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All I Want for Christmas: This Year's Letter to Santa Claus

Dear Santa:

First, let me assure you that I’ve been very good this year. I haven’t eaten any fast food, except for that day last summer when I was driving around from one errand to another, didn’t have time to eat lunch, and got a Frosty at the Wendy’s drive-through (or is that spelled “drive-thru?”). And my eight-year-old daughters still haven’t eaten in a fast-food restaurant, unless you consider that isolated incident when they each got an emergency orange juice at the McDonald’s drive-thru to shake them out of their hypoglycemia-induced tantrums. (Their grandma, my mother, constantly threatens to break their fast-food-free streak. “Shari,” she says, “how can they live in this world and never eat fast food? Next time I see them, I’m taking them out for their first Happy Meal.” Santa, you don’t know how many times I've wanted to stick out my tongue at her, but I never did. See how good I’ve been?)

Five mornings a week, I pack nutritious lunches for the girls so they won’t overdose on overly processed, USDA-sanctioned chicken scraps – otherwise known as nuggets, strips, patties, tacos, drummies, and something called “popcorn chicken" – served in their school’s cafeteria. The only exceptions are when we wake up late and barely have time to eat breakfast, do homework, and make sure everyone has snow pants, boots, hats, gloves, coats, sneakers for P.E., socks for P.E., field-trip permission slips, reading folders, and healthy mid-morning snacks.

For Halloween, I took a stand against child labor by refusing to buy chocolate that wasn’t fair trade, though I ended up not buying any chocolate at all, because, as much as I truly wanted to, I couldn’t afford to give $4.25 Equal Exchange chocolate bars to every kid in the neighborhood. Instead, they got Blow Pops and Smarties.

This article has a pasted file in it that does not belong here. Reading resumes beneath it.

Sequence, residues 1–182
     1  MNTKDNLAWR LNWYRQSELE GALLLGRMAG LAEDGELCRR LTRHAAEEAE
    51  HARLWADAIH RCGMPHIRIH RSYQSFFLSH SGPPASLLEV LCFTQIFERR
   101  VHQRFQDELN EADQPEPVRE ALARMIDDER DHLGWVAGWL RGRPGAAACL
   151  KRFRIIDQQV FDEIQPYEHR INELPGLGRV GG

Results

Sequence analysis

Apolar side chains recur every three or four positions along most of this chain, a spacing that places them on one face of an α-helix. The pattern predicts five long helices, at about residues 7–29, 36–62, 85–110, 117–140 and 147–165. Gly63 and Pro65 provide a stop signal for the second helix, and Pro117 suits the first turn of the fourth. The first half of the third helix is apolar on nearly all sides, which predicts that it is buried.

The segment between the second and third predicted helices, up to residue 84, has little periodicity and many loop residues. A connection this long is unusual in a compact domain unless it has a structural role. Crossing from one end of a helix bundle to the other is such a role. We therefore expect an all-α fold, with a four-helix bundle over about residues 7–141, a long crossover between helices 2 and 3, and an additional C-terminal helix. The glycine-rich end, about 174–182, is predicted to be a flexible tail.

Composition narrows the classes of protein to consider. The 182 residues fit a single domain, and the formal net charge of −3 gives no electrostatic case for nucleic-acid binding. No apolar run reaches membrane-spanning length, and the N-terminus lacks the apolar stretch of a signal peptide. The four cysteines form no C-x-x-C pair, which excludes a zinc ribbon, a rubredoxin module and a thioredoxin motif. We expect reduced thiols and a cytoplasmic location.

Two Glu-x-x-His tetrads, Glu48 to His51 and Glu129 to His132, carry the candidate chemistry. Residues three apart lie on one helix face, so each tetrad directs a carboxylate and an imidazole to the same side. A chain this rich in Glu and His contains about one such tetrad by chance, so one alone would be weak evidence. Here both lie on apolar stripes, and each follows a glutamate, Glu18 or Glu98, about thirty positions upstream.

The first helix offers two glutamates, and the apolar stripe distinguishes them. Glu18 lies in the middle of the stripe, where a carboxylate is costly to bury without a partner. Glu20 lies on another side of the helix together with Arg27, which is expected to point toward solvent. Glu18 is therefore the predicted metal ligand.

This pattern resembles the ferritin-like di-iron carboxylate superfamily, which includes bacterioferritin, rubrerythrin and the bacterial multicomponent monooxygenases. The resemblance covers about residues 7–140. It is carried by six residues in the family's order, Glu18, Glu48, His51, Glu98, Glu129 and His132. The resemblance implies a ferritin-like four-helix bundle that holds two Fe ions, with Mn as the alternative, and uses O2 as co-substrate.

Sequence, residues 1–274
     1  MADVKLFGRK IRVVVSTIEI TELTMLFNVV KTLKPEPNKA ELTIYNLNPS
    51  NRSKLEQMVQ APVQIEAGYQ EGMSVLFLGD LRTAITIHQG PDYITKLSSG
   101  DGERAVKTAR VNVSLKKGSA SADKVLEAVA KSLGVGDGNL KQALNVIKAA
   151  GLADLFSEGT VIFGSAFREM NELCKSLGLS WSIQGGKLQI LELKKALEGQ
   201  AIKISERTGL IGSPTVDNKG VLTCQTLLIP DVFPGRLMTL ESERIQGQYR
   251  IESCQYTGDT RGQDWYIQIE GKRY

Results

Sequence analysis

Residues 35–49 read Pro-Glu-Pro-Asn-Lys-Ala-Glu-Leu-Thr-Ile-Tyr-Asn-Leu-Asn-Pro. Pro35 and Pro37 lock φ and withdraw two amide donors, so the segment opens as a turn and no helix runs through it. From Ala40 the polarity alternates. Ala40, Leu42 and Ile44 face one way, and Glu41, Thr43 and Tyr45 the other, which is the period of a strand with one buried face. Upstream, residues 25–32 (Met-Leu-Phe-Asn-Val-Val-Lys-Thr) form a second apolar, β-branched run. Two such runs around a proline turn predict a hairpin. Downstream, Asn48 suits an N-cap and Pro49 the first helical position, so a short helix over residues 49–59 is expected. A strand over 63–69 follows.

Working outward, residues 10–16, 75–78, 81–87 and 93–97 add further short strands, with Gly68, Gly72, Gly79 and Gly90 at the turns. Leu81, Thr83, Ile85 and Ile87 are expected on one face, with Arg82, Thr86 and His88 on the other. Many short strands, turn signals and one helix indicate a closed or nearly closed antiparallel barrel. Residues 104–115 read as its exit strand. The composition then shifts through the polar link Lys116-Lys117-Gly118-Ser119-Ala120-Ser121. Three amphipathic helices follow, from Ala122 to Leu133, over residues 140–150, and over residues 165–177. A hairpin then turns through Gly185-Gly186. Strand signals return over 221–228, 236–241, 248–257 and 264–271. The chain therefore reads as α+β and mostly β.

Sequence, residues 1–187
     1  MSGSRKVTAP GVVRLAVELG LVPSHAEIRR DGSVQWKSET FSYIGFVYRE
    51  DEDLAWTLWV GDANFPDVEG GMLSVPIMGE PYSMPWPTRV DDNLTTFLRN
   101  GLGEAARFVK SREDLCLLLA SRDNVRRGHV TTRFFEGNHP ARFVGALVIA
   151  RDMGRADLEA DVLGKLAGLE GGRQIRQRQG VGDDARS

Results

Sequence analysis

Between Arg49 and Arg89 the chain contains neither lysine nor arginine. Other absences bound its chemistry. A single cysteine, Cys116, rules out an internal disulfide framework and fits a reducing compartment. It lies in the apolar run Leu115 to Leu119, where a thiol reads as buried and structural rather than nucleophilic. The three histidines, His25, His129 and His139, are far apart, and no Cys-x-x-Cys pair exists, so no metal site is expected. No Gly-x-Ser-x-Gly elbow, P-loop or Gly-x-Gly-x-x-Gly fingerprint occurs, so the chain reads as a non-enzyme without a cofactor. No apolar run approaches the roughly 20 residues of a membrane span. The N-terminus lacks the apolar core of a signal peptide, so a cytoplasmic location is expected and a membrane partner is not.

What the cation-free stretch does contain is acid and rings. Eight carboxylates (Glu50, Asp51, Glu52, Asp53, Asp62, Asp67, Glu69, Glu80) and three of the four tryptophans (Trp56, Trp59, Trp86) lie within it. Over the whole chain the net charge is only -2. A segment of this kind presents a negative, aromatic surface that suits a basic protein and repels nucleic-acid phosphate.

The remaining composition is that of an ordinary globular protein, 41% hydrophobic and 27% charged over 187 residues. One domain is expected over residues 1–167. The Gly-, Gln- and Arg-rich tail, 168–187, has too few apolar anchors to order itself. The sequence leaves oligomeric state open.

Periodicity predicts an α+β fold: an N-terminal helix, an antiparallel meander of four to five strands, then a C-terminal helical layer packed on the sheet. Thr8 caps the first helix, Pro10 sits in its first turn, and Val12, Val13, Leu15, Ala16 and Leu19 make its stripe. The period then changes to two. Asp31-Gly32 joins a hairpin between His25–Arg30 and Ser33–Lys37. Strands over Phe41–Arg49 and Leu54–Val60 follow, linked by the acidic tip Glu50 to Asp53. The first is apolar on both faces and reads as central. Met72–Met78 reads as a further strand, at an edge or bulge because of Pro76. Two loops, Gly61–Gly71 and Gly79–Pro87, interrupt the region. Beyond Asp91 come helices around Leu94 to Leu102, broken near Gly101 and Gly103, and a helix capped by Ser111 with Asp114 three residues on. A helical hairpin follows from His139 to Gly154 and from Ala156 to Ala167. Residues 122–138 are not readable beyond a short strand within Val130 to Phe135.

I grew an organic garden. I shopped locally, organically, sustainably – and frequently. And, for the most part, I only patronized restaurants that hosted Simple Good and Tasty monthly dinners.

I signed every petition generated by Food Democracy Now, watched both Fresh and Food, Inc., and read every New York Times article written by Michael Pollan. I think it bears repeating: I've been very good this year.

So, in exchange for all this goodness, I respectfully request the items on the following list. Of course, I don’t expect everything I ask for in time for Christmas, so please feel free to take the next 11 or 12 months to fulfill these wishes (except for number seven -- I'll need that one right away). I’ll check in with you periodically to see how you’re doing.

1.   First, the story of Rudolph taught me that you don’t control the weather, but I would guess you are closely connected with the Big Guy or Gal who does. So could you please ask Him/Her for prime garden-growing conditions this spring and summer? Whatever is the right combination of sunshine and rain to grow a bumper crop of local fruits and vegetables – especially tomatoes – is tops on my list this year.

2.   I also realize you don’t control the federal government (corporate lobbyists do!), but I suspect you have some influence there, too. Please do what you can to institute a federal food policy that includes stricter food-safety legislation, more accurate labeling requirements, and subsidies for growing organic fruits and vegetables, so that they can be just as accessible and affordable as Diet Coke and Wonder Bread.

3.   As long as you’re in Washington, could you also help persuade President Obama to finally make Bill Marler chief of the USDA’s Food Safety and Inspection Service so we will no longer fear our food?